Reducing the maximum payout following whiplash injuries will trim insurance premiums by £40
Sam Sheehan
17 November 2016

The UK government has announced plans to crack down on expensive whiplash claims, with the potential outcome being a reduction in insurance premiums totalling £1 billion a year.

This £1bn reduction would equate to saving of around £40 per premium and would be possible thanks to a proposed decrease in average payouts following a whiplash injury from £1850 to £425. Compensation would only be paid out if a medical report was provided as proof of injury. Currently, claims can be made without evidence.

Justice secretary Elizabeth Truss said: “For too long some have exploited a rampant compensation culture and seen whiplash claims an easy payday, driving up costs for millions of law-abiding motorists.

Car insurance premiums rise by 16.9% in a year, says AA

“These reforms will crack down on minor, exaggerated and fraudulent claims. Insurers have promised to put the cash saved back in the pockets of the country’s drivers.”

Certain insurers, such as Aviva and LV, have pledged to pass 100% of the savings associated with the changes onto motorists.

“One whiplash claim is paid out every 60 seconds and it is unacceptable that responsible motorists have to pick up the tab,” said sconomic secretary Simon Kirby.

“We are tackling the incentives that have created this compensation culture so all drivers can save money on their motor insurance policies.”

According to the latest AA British Insurance Premium Index report, the annual premium paid rose by 9% in the third quarter of 2016 compared to the same period in 2015. The average premium paid in the third quarter of 2016 was £440.

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18 November 2016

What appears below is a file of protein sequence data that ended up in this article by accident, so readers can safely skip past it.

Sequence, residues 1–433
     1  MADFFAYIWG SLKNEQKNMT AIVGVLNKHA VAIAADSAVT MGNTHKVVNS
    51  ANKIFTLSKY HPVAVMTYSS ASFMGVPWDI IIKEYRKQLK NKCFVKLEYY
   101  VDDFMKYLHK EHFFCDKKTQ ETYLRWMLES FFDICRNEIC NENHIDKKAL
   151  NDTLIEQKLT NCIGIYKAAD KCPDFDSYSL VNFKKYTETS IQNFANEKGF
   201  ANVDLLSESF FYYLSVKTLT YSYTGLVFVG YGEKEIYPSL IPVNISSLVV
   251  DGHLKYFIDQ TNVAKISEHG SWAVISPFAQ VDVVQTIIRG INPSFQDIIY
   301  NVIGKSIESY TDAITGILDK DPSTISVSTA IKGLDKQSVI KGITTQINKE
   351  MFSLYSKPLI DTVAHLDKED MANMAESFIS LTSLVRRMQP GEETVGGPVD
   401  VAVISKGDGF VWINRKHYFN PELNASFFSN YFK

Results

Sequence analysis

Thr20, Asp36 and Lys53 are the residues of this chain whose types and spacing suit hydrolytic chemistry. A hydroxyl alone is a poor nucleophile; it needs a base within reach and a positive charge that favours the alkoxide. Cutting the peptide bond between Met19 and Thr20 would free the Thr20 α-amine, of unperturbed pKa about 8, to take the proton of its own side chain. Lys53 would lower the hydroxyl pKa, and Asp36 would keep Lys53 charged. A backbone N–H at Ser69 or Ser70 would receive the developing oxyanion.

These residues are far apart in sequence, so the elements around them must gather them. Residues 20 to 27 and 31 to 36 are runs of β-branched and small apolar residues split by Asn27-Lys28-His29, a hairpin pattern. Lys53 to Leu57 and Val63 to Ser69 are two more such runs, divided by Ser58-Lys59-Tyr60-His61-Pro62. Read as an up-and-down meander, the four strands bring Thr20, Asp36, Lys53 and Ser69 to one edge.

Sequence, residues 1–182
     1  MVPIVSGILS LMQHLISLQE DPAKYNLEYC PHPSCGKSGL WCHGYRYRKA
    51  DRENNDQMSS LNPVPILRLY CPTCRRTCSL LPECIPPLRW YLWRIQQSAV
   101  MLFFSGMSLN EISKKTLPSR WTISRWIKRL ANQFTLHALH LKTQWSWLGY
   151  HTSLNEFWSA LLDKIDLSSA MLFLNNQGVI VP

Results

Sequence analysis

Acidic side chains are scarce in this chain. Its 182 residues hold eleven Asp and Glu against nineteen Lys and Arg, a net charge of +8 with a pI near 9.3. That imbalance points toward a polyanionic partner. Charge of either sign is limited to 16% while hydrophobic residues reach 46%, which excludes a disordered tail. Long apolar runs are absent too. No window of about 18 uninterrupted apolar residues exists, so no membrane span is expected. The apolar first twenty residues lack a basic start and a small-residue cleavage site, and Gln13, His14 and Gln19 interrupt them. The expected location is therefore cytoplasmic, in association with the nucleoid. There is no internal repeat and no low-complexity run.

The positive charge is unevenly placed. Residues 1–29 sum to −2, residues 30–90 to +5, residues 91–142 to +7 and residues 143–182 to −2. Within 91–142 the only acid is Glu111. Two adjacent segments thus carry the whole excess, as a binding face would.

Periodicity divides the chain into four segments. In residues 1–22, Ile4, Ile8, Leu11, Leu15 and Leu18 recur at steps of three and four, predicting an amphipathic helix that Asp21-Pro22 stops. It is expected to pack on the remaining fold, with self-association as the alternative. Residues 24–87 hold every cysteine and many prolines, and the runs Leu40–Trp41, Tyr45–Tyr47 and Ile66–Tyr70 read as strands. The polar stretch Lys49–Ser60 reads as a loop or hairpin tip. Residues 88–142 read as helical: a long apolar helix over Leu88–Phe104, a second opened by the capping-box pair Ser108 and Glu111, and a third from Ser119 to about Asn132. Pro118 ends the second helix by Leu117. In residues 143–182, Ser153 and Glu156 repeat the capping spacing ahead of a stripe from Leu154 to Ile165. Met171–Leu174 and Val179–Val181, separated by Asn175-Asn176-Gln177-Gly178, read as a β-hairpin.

I think they need to crack down on the number of companies who harrass people after an accident. I had a minor accident last year when someone changed lanes on a roundabout and hit me. Since then, I have had around 30 calls where they all say I must have suffered wiplash, and are entitled to compensation. I didn't have any, and they insisted that I must have.

18 November 2016
superstevie has it right. I would suggest most claims are bogus.
My wife's car was side scraped by a lorry, and for months she was hassled to make a personal injury claim, though she was not hurt.
A friend had a minor accident when a car ran into the back of his, and his insurance company appointed an accident management firm who hassled him to make a whiplash claim, which he refused.
Another friend had stopped in a car park when the driver in front stopped as she saw a vacant space, then reversed having not seen him - the cars met. His car had a scratched bumper and wing, and hers had minor scratches on the back bumper. She claimed whiplash as well and his insurance agreed to pay out 50/50! They then appointed lawyers who hassled him to make a whiplash claim too - for him and his passenger wife. They declined, as they were not even slightly jolted, and there was no way the other driver could have been.

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